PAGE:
There seem to be more and more proposals to lengthen the school day (or year). Someday I will list all of my objections to that idea. (Briefly: I think the benefits are speculative to the point of illusory and are entirely outweighed by the costs. More is not always better.) For now, I’d like to point out just one bothersome aspect of the discussion – one that is true of the discussion of many so-called school “reform” proposals.

Suppose we could confidently identify some quantifiable benefit from subjecting kids to hundreds more hours of school each year. Suppose we knew, say, that requiring full-day school attendance would eventually increase the math abilities of the average adult by five percent. Should we do it? Suppose it would increase ability by only three percent, and suppose that we’d need to send the kids to school year-round, six days a week, from 7:30 a.m. to 6:00 p.m. to achieve that gain. Would it be worth it? Can the burden on kids ever be too great, or the potential gain too minimal, to justify the compulsion?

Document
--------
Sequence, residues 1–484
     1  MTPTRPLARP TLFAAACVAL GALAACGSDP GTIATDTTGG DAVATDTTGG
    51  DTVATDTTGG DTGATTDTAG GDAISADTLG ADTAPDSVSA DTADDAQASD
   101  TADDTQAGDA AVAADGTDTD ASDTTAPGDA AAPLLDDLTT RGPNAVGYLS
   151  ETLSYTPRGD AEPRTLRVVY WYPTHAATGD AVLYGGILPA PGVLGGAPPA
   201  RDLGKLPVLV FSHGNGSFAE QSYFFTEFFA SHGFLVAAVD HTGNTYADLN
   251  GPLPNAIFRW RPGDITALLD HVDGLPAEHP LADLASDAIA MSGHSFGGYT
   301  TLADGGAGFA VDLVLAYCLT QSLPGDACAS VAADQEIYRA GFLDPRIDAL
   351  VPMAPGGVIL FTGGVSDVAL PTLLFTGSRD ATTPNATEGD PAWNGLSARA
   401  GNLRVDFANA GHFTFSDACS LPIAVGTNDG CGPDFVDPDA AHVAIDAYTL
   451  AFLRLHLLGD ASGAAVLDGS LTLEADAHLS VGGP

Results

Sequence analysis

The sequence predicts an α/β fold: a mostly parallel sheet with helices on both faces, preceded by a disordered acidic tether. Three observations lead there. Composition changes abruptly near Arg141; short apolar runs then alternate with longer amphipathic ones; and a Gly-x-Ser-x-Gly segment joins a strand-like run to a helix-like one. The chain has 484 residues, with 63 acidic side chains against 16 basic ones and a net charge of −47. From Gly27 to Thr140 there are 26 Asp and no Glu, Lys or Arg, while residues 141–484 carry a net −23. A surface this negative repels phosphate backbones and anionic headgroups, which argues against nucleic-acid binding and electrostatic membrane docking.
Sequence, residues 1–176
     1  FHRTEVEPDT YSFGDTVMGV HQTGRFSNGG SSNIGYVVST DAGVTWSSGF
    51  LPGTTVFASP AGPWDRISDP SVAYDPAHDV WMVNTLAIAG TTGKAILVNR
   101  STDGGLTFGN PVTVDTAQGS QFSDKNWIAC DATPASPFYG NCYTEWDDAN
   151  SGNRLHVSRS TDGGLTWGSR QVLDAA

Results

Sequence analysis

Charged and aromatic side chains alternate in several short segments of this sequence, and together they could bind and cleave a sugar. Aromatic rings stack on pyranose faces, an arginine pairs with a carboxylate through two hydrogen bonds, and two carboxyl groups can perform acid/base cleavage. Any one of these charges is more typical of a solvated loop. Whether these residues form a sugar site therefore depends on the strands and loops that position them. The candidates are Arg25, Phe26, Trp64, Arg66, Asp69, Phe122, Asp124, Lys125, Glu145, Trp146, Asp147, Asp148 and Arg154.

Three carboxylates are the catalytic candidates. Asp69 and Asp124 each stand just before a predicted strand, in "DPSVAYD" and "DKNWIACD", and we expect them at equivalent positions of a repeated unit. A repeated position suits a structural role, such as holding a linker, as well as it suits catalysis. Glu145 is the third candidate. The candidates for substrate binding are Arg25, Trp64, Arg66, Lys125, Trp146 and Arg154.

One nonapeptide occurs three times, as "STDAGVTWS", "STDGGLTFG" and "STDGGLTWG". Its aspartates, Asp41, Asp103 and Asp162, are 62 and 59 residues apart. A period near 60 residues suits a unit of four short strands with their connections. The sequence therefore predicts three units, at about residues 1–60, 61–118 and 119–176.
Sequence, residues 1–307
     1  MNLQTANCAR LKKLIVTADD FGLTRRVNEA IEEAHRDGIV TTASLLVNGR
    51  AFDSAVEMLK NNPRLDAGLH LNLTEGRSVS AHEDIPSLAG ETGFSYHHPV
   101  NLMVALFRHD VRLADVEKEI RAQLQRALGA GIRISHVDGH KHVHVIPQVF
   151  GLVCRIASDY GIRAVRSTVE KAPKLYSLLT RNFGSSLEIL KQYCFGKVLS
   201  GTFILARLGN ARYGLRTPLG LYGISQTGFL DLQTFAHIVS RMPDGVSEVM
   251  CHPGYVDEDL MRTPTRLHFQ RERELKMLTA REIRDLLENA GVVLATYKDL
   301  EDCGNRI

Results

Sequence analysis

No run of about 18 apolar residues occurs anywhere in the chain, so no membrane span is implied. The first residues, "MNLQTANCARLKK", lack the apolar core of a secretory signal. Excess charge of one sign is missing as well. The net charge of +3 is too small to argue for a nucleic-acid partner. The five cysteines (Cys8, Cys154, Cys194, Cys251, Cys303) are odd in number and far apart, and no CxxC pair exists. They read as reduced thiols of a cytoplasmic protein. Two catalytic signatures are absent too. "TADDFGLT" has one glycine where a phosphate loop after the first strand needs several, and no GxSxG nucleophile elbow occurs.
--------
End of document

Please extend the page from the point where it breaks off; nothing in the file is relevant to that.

If so, you wouldn’t know it from today’s educational debates. The discussions focus exclusively on whether any given proposal would “increase achievement.” Whether that alleged gain is big enough to justify the burden on children is simply not a concern. Who cares about burdens on children?

Adults hold the state to a pretty high standard: we expect that the government won’t impose on our freedom without a good reason, and the bigger the imposition, the more compelling the reason should be. With kids, though, any justification at all will do. If it raises test scores, we must do it! Children’s freedoms count for nothing at all. It’s as if the scale has only one side, and is thus tipped by any “achievement gain” whatsoever. How easy it is to require sacrifices from people who have no say in the matter.

Of course, we could also “increase achievement” by requiring adults to undergo continuing education throughout their lives. If anyone ever proposes that, something tells me there will suddenly be two sides to the scale.

Friday, June 15, 2012

Problem solved